7 – Swims Challenge!!! – Wicklow 2019

©Paul McCambridge / MAC Visual MediaUpper Glendalough

©Paul McCambridge / MAC Visual Media Upper Glendalough

Words by Maureen McCoy, Photos by Paul McCambridge

The Seven Lakes charity swim challenge started for us on the Friday afternoon. All packed with a bundle of towels, copious swimsuits and a huge parcel of snacks to keep us going for the two days, we headed south. It was a scorcher of a day which held great hopes for the weekend.

©Paul McCambridge / MAC Visual MediaSt Kevin's Way, Wicklow Gap

©Paul McCambridge / MAC Visual Media St Kevin’s Way, Wicklow Gap

Seven 1k swims in seven different loughs in the Wicklow Mountains could be made or broken by the fickle Irish weather.

Arriving in the early evening to the proposed first lough high in the Wicklow Gap we found a scenic parking spot to watch the sun go down over St Kevin’s Way. The evening light turned the land from brown to a deep glowing copper and the sky took on a hazy pink hue before the stars took the stage on a clear cool night.

©Paul McCambridge / MAC Visual MediaUpper Glendalough

©Paul McCambridge / MAC Visual Media Upper Glendalough

Early in the morning two Dublin Mini coaches pulled up and started spilling out swimmers with cries of “Where’s the lough then?” as they hauled bags from the rear.

Lough Nahanagan, a short drive below us past Danger and Keep Out signs, was perhaps not the wisest nor the most attractive place to venture for a swim! As we poured out of our coaches for this deliberation the barrier gate to the hydro-electricity plant was quickly and quietly drawn shut -security battening down the hatches against a group of rough-shod climate change protesters?

©Paul McCambridge / MAC Visual MediaLough Bray Upper

©Paul McCambridge

None of us felt inclined to find out first hand how far electricity can arc or test the effects of electricity and water on the human body and so the unanimous decision was to move on to the rather safer option of Upper Glendalough.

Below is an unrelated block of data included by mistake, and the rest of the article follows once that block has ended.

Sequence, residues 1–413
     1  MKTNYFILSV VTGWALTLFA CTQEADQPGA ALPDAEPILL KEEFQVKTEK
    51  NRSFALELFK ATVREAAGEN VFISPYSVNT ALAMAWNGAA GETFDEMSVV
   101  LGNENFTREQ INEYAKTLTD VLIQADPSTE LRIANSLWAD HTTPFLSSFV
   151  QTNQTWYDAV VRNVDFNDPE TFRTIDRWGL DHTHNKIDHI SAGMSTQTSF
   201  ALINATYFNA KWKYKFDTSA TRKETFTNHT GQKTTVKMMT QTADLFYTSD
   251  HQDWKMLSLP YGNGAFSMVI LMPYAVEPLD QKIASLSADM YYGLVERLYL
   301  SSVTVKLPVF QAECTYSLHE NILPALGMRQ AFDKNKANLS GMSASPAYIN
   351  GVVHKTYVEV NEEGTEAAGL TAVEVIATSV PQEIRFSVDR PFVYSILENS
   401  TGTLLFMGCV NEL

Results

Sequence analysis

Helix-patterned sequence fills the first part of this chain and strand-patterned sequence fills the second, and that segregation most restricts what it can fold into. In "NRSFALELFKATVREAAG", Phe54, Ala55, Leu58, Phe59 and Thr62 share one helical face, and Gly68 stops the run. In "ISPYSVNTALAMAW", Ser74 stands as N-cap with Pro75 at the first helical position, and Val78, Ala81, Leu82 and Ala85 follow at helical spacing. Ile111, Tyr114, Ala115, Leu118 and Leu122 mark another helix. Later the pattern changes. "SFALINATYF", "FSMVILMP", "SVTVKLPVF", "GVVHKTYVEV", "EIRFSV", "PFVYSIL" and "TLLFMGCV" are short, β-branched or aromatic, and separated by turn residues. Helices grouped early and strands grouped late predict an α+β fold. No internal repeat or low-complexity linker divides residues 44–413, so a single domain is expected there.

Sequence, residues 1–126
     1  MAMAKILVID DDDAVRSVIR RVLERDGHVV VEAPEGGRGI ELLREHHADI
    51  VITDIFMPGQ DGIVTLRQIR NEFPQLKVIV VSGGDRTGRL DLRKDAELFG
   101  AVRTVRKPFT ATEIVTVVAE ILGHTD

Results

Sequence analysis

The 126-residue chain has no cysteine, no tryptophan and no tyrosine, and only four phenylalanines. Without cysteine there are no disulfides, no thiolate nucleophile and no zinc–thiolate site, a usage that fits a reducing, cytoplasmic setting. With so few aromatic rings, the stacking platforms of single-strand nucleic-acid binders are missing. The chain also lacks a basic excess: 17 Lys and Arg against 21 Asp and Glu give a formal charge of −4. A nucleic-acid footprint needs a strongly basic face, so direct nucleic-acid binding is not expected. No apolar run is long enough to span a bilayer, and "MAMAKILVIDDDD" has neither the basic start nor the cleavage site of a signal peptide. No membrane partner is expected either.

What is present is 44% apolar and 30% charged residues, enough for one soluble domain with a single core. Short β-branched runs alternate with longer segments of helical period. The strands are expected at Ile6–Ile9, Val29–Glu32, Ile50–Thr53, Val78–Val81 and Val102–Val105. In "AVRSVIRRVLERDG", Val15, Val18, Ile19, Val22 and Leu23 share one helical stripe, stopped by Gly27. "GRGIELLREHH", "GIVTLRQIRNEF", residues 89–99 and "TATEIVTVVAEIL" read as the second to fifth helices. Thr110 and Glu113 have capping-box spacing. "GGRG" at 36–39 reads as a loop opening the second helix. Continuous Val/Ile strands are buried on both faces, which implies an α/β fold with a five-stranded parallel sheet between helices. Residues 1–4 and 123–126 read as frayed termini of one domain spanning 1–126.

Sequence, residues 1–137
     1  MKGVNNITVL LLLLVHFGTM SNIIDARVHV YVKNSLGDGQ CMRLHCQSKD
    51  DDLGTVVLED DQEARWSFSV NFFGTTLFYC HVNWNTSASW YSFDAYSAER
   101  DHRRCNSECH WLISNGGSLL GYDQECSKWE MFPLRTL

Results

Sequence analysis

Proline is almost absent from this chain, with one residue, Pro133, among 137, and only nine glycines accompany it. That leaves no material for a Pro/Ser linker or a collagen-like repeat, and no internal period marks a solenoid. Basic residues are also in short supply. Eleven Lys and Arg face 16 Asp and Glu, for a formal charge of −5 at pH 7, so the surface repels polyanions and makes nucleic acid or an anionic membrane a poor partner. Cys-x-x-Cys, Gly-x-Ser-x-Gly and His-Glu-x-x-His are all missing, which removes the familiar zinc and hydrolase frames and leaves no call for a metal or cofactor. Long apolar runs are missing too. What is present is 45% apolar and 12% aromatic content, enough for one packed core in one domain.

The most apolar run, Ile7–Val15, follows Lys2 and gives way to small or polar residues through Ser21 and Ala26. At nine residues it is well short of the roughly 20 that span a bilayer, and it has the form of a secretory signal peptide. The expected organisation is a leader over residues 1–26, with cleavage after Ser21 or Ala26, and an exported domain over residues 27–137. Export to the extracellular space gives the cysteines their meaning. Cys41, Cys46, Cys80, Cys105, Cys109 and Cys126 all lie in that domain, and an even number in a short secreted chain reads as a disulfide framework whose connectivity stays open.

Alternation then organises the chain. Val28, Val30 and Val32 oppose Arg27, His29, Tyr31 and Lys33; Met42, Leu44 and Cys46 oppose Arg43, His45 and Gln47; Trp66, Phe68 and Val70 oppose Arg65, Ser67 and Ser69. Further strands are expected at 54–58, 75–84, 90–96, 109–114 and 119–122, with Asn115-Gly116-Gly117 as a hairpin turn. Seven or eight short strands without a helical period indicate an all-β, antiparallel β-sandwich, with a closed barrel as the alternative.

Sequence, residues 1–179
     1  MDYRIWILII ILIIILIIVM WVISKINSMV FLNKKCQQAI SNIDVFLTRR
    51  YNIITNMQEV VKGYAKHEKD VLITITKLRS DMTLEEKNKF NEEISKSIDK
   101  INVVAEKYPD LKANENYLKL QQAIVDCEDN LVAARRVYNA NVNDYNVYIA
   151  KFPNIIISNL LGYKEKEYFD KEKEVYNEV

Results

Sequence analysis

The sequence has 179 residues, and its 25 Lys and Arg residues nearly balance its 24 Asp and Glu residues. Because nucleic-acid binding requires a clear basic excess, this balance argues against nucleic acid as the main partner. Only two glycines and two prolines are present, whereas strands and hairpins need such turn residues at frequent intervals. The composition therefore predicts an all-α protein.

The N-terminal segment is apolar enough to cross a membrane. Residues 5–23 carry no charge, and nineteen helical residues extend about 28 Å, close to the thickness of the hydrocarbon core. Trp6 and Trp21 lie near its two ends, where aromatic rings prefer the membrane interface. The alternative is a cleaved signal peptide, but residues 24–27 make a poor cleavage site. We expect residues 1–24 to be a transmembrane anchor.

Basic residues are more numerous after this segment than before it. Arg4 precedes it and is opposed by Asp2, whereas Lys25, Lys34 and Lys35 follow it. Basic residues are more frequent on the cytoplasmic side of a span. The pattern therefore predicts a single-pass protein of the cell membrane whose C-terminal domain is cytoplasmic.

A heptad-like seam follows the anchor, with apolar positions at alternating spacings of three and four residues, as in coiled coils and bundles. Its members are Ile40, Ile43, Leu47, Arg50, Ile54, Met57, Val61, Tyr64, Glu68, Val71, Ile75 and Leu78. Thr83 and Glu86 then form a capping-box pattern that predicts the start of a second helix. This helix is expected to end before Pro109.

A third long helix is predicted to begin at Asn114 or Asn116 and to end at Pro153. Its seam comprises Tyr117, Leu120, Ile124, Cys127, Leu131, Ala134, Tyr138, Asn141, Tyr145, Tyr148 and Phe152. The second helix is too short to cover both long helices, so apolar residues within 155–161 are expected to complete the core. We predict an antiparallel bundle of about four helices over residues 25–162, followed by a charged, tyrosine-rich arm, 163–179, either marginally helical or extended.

Pilling back on board the coaches, I guess to the relief of the plant management, we tootled down the valley to the Glen of Two Lakes, already welcoming its first visitors of the day.

Startling those morning sightseers, we stripped down to our swim gear with the mist clearing and the lough perfectly still, just a hint of haze along the valley.

©Maureen McCoy / MAC Visual MediaGer Carty, Glöndalough

©Maureen McCoy / MAC Visual Media, Glendalough

The plan; to swim out 500m and when the first swimmer hit that distance and turned, we would all return to shore – I’m not sure if those first swimmers heard that instruction as they hurtled off like steam trains down the lake towards the rising sun.

©Paul McCambridge / MAC Visual MediaUpper Glendalough

©Paul McCambridge  Upper Glendalough

Now fully wakened we padded and waddled our way along the boardwalk to the Lower lough for swim 2. Once again treating the well-dressed walkers and tourists with their chic hiking boots to the sight of a motley bunch of swimmers in a plethora of hoodies and dry-robes, towels wrapped around their lower halves and squelching flip flops.

©Paul McCambridge / MAC Visual MediaLower Glendalough

©Paul McCambridge / MAC Visual Media Lower Glendalough

The deer peeping out through the long grass, however, didn’t seem too perturbed at our fashion parade.

©Paul McCambridge / MAC Visual MediaLower Glendalough

©Paul McCambridge Lower Glendalough

Thankfully none of us caught a glimpse of the monster in the lough who used to prey on the congregation way back in St Kevin’s time.

©Paul McCambridge / MAC Visual MediaGlendalough Lower

©Paul McCambridge Glendalough Lower

Next to Vartry Reservoir and, standing on the stony shore as the wind picked up a little, we prepared for a cooler dip. A pleasant surprise when it felt warmer. We were all well into our stride now and headed off down the lake in companionable strokes, bright coloured hats a striking contrast against the grey water. On reaching 500m a circle was formed – feet in the centre, sculling to hold form; little kicks in the centre – “Right leg – up! Left leg -up! Two legs – up!” And…sink, before returning to shore – another 1k done.

©Paul McCambridge / MAC Visual MediaVartry Reservoir

©Paul McCambridge Vartry Reservoir

Side-note; when the water is low here you can see the stone walls underwater, the remains of the village that lay in the valley before it was flooded in 1863.

©Paul McCambridge / MAC Visual MediaVartry Reservoir

©Paul McCambridge  Vartry Reservoir

Back to Roundwood and a picnic lunch; 3 swims down – 4 to go.

©Paul McCambridge / MAC Visual MediaLough Dan

©Paul McCambridge  Lough Dan

Now, Lough Dan and what had been referred to as “A bit of a hike…” took the best part of an hour for us all to get down to the lake – with some grumblings. The water was low and as most started the long trek through the shallows, five of us went rogue and explored the river which flows into the lake. It started promisingly with us managing front crawl to the first bend. But from here on it was shallow, forcing us to scull, dog paddle and use the good old “crocodile crawl” to wend our way to the main lough. Still, we were off-grid and “venturing through the wilds…”

Once in the main lough we joined the group. Coursing through the blackness I could see tiny golden bubbles rising from my hands as I disturbed the silky water – from black, through gold to the surface grey sky above.